I walked to the river just now, not expecting to need to bundle up, but up north friends of mine are buried in a foot of snow. Still, I sat on the rocks and looked out a long time tonight, thinking about the changes, about what remains the same. I’ve had countless changes in my life in the past five years. And when that happens it is natural to bend toward the familiar, someone who has hung in there through it all, was there before it all. I came home and listened to my favorite Stone recording, “People are Talking,” and stared out at the trees. I’m having trouble with a work I’ve been toying with for—no kidding here—forty years. Parts of it have been published, the jumbled mess was my MFA thesis, but it is one of those stories that I just can’t get right no matter how I approach it; something is missing and I’m nearly certain I will never find it.

So I opened the case of my 12 string—something I did on a daily basis when I first started this monstrosity of a book—and played around with the notes a bit. Then a little more. It felt so natural, like when words come out in just the right order, just like that; exactly like that. Turns out I do still have callouses. That happens at this age.

It’s good to have an old friend nearby to listen and to listen to. Maybe I’ll do that open mic thing after all. Life’s too short not to, right?


We die every day that we’re living

But we live every day that we do.


Listen, my friends, to this recording. Please. It is absolutely one of the most beautiful songs you will hear. I’m not kidding. Then, please, make it go viral. The world could use someone like Jonmark Stone in its life right now. Click the picture below and listen:

An Open Letter to V. Putin

As you well know:

Every year since the end of the “Great Patriotic War,” veterans and their families remember something different than their counterparts throughout Europe and the United States who celebrate the Nazi’s surrender, the liberation of millions of people. In Russia, Victory Day is celebrated on May 9th. In St. Petersburg in particular, they celebrate survival. For nine hundred days the Nazis bombarded the city in an attempt to “wipe it from the face of the earth.” The Nazis failed; the veterans never forgot.

But apparently, you have, Mr. Putin, haven’t you? Your beloved Leningrad. I was there at the Piskarevskoe Cemetery twenty years ago when you placed the wreath at the foot of the statue of the Motherland and mourned for the seven-hundred-thousand women and children buried in mass graves; your relatives, your family, friends, all starved to death or killed during the Blockade. “One of the most tragic events in human history,” you called it. “This must never happen again,” you said.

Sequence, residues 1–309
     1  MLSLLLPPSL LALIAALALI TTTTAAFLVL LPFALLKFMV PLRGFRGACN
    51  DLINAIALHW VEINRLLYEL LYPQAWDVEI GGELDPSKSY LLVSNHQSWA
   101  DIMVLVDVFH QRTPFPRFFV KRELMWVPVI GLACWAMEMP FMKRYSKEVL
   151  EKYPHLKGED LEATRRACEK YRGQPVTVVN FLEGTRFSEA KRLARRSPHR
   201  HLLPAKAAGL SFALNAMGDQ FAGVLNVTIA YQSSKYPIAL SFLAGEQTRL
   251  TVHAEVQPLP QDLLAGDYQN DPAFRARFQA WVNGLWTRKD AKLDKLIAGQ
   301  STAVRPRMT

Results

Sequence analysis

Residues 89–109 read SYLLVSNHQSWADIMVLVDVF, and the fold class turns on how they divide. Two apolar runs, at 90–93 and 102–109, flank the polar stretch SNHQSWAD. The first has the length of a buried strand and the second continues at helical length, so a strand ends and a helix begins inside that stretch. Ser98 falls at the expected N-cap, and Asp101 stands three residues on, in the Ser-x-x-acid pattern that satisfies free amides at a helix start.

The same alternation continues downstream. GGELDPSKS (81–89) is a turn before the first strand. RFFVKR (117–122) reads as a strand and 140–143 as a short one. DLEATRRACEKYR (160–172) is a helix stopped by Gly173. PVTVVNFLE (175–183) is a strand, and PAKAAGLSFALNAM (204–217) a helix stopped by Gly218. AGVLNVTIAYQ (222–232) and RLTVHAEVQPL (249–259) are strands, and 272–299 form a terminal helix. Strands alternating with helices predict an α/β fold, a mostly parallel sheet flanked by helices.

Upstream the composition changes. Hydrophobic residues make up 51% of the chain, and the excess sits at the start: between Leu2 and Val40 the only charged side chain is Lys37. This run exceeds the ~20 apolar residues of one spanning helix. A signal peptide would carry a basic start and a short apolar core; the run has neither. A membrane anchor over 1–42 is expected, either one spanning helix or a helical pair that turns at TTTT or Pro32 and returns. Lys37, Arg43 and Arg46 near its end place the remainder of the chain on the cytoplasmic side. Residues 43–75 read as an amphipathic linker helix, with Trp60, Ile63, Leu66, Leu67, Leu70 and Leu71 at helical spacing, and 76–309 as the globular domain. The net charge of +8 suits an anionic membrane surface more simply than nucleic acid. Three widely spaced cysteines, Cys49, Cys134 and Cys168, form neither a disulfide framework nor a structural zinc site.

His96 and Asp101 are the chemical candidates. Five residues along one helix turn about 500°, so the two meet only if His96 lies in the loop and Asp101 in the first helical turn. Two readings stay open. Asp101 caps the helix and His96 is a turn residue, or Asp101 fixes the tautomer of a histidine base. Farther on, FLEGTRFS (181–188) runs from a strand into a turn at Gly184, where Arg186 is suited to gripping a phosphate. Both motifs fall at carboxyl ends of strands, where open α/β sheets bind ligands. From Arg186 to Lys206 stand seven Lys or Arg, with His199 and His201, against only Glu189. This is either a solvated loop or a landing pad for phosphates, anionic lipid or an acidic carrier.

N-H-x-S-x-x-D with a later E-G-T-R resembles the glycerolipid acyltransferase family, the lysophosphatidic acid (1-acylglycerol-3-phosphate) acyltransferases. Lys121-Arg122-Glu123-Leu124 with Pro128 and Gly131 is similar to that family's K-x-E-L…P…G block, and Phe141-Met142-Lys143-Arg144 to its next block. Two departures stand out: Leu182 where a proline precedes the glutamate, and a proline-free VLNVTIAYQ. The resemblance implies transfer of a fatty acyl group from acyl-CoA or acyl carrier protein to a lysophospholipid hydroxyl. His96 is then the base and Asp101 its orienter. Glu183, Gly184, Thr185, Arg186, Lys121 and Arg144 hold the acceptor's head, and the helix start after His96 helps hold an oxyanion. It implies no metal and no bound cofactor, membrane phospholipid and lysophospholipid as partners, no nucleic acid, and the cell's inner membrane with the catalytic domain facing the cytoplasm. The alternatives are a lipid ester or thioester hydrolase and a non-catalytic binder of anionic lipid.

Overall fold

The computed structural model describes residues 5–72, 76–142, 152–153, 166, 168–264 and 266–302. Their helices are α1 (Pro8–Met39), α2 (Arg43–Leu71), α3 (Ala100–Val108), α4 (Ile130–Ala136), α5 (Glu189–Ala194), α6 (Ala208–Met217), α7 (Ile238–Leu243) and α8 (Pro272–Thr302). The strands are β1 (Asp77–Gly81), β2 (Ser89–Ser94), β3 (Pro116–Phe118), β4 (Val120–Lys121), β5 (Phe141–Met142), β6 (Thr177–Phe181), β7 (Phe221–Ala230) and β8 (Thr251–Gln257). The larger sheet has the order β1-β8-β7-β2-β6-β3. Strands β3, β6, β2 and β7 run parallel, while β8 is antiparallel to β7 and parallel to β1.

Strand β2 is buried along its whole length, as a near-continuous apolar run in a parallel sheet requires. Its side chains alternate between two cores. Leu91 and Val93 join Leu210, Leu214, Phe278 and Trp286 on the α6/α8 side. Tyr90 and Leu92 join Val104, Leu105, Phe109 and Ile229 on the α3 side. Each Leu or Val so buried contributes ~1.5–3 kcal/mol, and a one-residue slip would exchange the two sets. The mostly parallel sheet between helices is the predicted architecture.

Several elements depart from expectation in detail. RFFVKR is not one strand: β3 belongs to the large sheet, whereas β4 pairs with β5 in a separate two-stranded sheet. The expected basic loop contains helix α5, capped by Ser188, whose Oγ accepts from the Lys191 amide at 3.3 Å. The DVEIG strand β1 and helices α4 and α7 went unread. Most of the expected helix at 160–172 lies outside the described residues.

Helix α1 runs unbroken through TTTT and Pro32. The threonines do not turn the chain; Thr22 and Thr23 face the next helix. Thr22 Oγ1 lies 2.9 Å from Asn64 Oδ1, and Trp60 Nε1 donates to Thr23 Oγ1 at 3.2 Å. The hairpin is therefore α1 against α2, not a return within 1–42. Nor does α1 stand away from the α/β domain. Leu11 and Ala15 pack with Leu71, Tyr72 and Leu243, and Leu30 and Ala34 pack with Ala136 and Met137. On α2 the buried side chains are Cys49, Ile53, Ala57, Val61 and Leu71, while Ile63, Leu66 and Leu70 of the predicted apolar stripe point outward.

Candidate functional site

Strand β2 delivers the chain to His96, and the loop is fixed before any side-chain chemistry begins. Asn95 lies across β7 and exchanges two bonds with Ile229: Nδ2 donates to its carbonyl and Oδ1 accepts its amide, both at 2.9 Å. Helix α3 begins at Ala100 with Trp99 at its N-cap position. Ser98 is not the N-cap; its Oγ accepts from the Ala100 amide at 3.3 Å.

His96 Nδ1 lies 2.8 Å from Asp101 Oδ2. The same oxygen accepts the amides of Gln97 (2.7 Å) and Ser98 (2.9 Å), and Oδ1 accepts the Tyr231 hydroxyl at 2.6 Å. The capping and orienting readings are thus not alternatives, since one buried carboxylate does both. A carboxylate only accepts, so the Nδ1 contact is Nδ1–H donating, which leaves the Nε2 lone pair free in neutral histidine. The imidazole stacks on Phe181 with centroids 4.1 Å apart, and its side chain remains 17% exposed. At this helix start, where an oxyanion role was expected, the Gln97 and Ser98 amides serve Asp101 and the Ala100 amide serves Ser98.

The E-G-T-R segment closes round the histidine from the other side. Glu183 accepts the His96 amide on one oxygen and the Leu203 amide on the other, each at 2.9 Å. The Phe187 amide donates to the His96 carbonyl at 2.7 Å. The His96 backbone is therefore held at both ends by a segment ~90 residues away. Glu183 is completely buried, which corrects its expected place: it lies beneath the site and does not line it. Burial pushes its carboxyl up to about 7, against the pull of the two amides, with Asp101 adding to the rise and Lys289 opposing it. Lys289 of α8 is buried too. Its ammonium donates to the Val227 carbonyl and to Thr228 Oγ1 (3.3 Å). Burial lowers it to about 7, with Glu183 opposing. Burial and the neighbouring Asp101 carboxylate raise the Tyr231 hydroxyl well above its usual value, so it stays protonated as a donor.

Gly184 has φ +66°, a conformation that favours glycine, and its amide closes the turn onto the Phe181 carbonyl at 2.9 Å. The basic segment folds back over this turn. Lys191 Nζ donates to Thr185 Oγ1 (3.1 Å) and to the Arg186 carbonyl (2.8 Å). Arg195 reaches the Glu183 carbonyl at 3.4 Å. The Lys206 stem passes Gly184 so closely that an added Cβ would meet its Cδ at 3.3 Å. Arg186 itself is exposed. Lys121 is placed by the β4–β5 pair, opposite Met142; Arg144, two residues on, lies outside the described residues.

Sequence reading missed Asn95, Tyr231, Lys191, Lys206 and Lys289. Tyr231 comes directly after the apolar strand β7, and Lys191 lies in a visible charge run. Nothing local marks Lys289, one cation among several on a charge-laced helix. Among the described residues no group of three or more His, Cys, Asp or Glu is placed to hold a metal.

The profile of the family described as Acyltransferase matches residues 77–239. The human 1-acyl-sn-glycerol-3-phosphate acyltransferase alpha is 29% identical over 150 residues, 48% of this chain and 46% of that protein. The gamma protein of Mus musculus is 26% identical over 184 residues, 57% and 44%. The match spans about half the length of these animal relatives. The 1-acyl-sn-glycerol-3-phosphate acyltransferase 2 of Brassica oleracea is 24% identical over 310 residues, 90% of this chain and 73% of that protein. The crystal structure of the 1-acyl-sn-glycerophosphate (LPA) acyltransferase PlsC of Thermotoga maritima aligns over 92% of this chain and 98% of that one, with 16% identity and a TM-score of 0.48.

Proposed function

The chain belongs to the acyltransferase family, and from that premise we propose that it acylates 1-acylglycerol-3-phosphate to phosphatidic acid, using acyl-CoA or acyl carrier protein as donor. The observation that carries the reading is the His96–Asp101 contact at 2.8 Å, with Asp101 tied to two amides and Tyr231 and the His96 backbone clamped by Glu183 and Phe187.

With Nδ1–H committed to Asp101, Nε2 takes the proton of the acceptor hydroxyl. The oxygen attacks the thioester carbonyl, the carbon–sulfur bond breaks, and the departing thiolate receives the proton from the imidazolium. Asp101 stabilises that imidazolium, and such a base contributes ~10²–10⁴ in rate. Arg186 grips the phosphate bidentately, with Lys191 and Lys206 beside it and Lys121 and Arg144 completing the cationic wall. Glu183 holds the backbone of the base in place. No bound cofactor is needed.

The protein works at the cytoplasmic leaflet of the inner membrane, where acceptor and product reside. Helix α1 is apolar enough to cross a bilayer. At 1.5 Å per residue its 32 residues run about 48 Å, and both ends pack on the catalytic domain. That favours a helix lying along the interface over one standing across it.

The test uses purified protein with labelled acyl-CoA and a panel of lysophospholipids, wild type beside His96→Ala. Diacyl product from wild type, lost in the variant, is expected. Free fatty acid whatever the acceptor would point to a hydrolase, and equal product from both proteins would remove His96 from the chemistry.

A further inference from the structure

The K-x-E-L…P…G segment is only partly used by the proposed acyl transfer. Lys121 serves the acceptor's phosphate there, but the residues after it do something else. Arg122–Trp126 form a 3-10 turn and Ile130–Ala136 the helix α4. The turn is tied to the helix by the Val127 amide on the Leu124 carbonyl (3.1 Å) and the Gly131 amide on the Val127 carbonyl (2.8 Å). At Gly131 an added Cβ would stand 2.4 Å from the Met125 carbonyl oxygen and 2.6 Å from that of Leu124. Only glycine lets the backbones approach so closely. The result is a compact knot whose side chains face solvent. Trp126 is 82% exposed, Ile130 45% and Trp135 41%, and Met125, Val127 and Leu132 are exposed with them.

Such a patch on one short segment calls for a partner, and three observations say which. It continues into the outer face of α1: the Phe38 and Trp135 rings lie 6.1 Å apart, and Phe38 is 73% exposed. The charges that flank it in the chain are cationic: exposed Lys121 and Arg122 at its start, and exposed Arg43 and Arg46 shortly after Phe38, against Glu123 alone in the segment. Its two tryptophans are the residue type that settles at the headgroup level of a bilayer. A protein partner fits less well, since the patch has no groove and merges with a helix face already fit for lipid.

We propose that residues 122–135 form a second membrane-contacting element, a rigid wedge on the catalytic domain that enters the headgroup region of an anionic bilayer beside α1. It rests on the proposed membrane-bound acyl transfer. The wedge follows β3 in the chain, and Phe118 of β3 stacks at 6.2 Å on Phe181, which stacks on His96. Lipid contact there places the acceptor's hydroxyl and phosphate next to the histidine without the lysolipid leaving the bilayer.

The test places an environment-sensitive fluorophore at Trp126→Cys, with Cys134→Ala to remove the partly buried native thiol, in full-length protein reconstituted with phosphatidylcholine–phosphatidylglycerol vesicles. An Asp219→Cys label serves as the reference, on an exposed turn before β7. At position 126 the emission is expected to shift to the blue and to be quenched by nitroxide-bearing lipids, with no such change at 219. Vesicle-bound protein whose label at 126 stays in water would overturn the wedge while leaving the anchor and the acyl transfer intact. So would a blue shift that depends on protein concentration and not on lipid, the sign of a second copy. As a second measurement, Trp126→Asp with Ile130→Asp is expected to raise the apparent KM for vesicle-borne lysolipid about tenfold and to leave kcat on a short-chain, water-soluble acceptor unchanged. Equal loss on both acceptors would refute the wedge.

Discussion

In the 1990s, when you were vice mayor of St Petersburg, you stood in front of the Mariinsky Palace—City Hall—and nodded as a guide explained to a Canadian delegation the wonderful story of perseverance. I was a professor traveling alone from America who happened by, lucky to hear the story in English. And after two dozen trips to St. Petersburg, I have become quite aware how this story of pride is ingrained in the hearts of all of the city’s residents, including you, so you said. “Everyone in this city knows this story,” the guide said, and you nodded, smiled.

Your actions in Ukraine suggest you’ve forgotten, so let me jog your memory: Hitler was so convinced he would take Leningrad, he sent out 250 invitations for a celebration party to be held at the Astoria Hotel, just feet from where we stood near the statue of Nicholas I. The guide said that when it became clear to Hitler that he was not going to be able to take the city after all, he ordered Leningrad be “completely destroyed and wiped off the map.” Hence the siege—nine-hundred days of bombing, a million and a half dead, nearly seven-hundred thousand of them women and children. But it didn’t work. Your own relatives insured your birth by holding off the Nazis. And for decades, even as late as the 1990s when I spoke to old women in the city about it—survivors of the siege—they remained proud to say that “Hitler never dined at the Astoria Hotel.” Everyone clapped. You clapped. It’s a great story.

A few days later I watched you lay the wreath on Victory Day and declare such terror should never occur again in the world.

It has come full circle, hasn’t it, Mr. Putin, only now you are the evil aggressor who has abandoned his own people, a population who swore such an event should never be experienced by humanity again, when you imposed a similar fate on the citizens of Mariupol, Ukraine. Now the people of Ukraine are fighting their own Great Patriotic War, and you are their Hitler. It took eighty years for another madman to think he has the right to destroy a population to satisfy his own ego and insecurities. We’ve seen it before; we know how this turns out. No matter what happens geopolitically, you will go down in human history as a tyrant and cold-blooded killer, “Putin” spoken in the same sentence as “Hitler,” Mariupol in the same breath as Leningrad.

What’s tragic personally is I stood there in that cemetery, Shostakovich’s Seventh Symphony, the Leningrad Symphony, on the speakers, and watched you place that wreath, listened to my translator proudly repeat what you said: “This is one of the most tragic events in human history and we must never allow it to happen again.”

The people of your city—St Petersburg—are ashamed that not only did it happen again, but it was conceived by and carried out by one of their own citizens.